The filing on Thursday came a day after a federal court forced the government to reveal that it has secretly recorded dozens of force-feedings of one hunger-striking Guantánamo detainee, raising the possibility that the US military may have similar films of other detainees.

The fresh documents, filed in the US district court for the District of Columbia, relate to a detainee named Ahmed Rabbani, a Pakistani father of three who has been held without charge for more than a decade.

In the papers, Rabbani describes through his lawyer how a string of force-feedings with improperly inserted feeding tubes caused him to develop pain in his chest and left him with a chest infection.

He developed pain after a tube was wrongly inserted multiple times, he says. The next day, he asked to be granted a day’s rest. The request was ignored, he says, and the following day he “vomited blood on himself three or four times” before losing consciousness. He was still taken to the feeding chair.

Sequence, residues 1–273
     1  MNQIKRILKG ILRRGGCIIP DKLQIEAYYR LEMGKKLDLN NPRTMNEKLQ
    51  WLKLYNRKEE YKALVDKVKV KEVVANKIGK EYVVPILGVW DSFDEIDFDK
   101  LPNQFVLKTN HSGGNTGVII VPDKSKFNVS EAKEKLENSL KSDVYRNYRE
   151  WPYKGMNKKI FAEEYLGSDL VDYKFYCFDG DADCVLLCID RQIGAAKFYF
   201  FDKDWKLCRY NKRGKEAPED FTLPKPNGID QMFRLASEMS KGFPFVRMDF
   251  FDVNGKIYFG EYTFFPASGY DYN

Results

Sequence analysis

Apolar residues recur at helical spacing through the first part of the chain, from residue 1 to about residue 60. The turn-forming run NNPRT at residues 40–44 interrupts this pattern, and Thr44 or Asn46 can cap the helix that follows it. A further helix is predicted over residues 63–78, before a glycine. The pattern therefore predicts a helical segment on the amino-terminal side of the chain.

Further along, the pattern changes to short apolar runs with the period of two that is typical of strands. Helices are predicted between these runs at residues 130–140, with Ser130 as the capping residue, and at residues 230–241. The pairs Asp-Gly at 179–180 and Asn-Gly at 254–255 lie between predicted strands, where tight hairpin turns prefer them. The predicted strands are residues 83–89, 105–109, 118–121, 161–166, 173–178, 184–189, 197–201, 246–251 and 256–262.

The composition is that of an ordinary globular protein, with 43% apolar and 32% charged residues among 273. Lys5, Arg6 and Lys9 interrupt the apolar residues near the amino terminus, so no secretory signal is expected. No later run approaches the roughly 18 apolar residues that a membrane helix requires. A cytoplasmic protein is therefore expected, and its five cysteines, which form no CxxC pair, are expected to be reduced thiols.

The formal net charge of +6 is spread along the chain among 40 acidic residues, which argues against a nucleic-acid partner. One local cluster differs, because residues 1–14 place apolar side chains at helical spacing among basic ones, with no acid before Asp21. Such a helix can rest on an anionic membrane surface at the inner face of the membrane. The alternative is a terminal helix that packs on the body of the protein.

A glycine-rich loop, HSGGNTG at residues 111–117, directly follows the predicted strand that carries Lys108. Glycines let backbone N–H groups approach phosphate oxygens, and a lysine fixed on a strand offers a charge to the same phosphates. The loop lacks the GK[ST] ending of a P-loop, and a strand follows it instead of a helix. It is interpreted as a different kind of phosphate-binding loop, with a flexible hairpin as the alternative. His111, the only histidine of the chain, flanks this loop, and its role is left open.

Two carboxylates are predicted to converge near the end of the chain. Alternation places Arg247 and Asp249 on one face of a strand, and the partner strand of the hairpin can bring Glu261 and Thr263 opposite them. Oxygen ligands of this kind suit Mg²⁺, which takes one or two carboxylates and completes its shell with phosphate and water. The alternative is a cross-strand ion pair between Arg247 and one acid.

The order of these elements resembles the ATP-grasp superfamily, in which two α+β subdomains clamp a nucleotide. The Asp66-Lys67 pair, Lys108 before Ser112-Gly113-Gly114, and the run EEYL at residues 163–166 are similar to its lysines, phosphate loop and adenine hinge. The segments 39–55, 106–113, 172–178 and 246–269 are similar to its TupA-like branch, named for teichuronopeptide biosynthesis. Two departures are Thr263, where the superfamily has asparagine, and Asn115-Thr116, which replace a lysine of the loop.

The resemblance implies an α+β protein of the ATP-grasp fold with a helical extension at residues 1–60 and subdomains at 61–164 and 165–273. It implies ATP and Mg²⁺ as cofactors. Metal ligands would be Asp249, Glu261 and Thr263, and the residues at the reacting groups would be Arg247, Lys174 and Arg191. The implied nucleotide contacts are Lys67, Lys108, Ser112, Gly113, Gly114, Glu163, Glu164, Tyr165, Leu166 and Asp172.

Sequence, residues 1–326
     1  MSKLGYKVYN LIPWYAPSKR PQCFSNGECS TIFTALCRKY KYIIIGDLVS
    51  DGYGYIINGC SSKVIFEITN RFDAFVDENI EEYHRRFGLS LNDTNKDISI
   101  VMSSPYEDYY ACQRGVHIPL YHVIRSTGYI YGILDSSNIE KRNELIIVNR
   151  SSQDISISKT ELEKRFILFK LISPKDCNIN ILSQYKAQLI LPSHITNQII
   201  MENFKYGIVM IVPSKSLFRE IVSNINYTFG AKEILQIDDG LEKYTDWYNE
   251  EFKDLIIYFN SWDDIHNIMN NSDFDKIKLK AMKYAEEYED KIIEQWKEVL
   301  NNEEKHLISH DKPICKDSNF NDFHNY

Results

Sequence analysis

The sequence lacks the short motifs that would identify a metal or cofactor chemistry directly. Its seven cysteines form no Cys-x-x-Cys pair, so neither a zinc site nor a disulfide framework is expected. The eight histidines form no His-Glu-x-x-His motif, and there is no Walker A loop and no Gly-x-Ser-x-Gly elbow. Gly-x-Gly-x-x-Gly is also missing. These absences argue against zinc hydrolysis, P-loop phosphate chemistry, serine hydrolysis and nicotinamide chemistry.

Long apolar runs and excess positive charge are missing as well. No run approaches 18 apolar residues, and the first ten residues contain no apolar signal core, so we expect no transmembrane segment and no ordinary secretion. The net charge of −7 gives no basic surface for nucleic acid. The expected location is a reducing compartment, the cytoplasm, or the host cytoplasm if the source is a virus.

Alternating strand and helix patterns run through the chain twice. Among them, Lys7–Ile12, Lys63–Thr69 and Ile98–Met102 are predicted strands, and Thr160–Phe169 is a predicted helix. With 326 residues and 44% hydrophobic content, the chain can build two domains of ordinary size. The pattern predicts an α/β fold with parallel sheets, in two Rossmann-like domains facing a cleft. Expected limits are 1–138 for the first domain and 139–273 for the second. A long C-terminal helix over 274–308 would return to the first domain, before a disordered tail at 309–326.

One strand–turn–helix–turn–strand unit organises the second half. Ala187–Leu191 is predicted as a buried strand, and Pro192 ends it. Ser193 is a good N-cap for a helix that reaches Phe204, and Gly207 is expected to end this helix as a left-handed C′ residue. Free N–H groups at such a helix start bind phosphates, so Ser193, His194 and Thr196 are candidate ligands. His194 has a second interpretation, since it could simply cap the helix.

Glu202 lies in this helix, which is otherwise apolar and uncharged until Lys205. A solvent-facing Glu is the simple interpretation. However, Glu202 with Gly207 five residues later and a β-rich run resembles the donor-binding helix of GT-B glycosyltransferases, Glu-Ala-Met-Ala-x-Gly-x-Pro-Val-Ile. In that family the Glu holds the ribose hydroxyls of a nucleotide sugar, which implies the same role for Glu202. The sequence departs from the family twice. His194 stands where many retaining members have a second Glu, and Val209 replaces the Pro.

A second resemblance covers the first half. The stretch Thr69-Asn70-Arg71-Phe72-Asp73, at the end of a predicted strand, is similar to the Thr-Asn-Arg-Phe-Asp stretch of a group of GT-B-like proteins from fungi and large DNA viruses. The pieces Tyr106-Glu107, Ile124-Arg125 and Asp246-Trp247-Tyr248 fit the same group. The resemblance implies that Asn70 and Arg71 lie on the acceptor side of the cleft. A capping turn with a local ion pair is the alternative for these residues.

After repeated bouts of vomiting, Rabbani was checked by a nurse and told he would not be fed because he had an infection.

In the document, Rabbani’s lawyer tells how his client reported several botched attempts at force feeding. On one occasion, the feeding tube turned so it was facing up, rather than down his throat, leading Rabbani to feel like it was “pushed up into [his] brain”. On another, he could not breathe as his airways were blocked by the feeding liquid “pooling in his throat”.

Another attempt left him “screaming in pain”, he said.

Earlier this week, lawyers for Rabbani asked the court to ensure that videos of his force-feeding and forcible cell extraction (FCE) procedures, which are used against detainees who refuse to eat, were preserved. His case echoes that of Abu Wa’el Dhiab, a Syrian whose force-feeding was halted on the orders of district judge Gladys Kessler on Wednesday, after his lawyers applied to the court to have video tapes of his force-feeding preserved.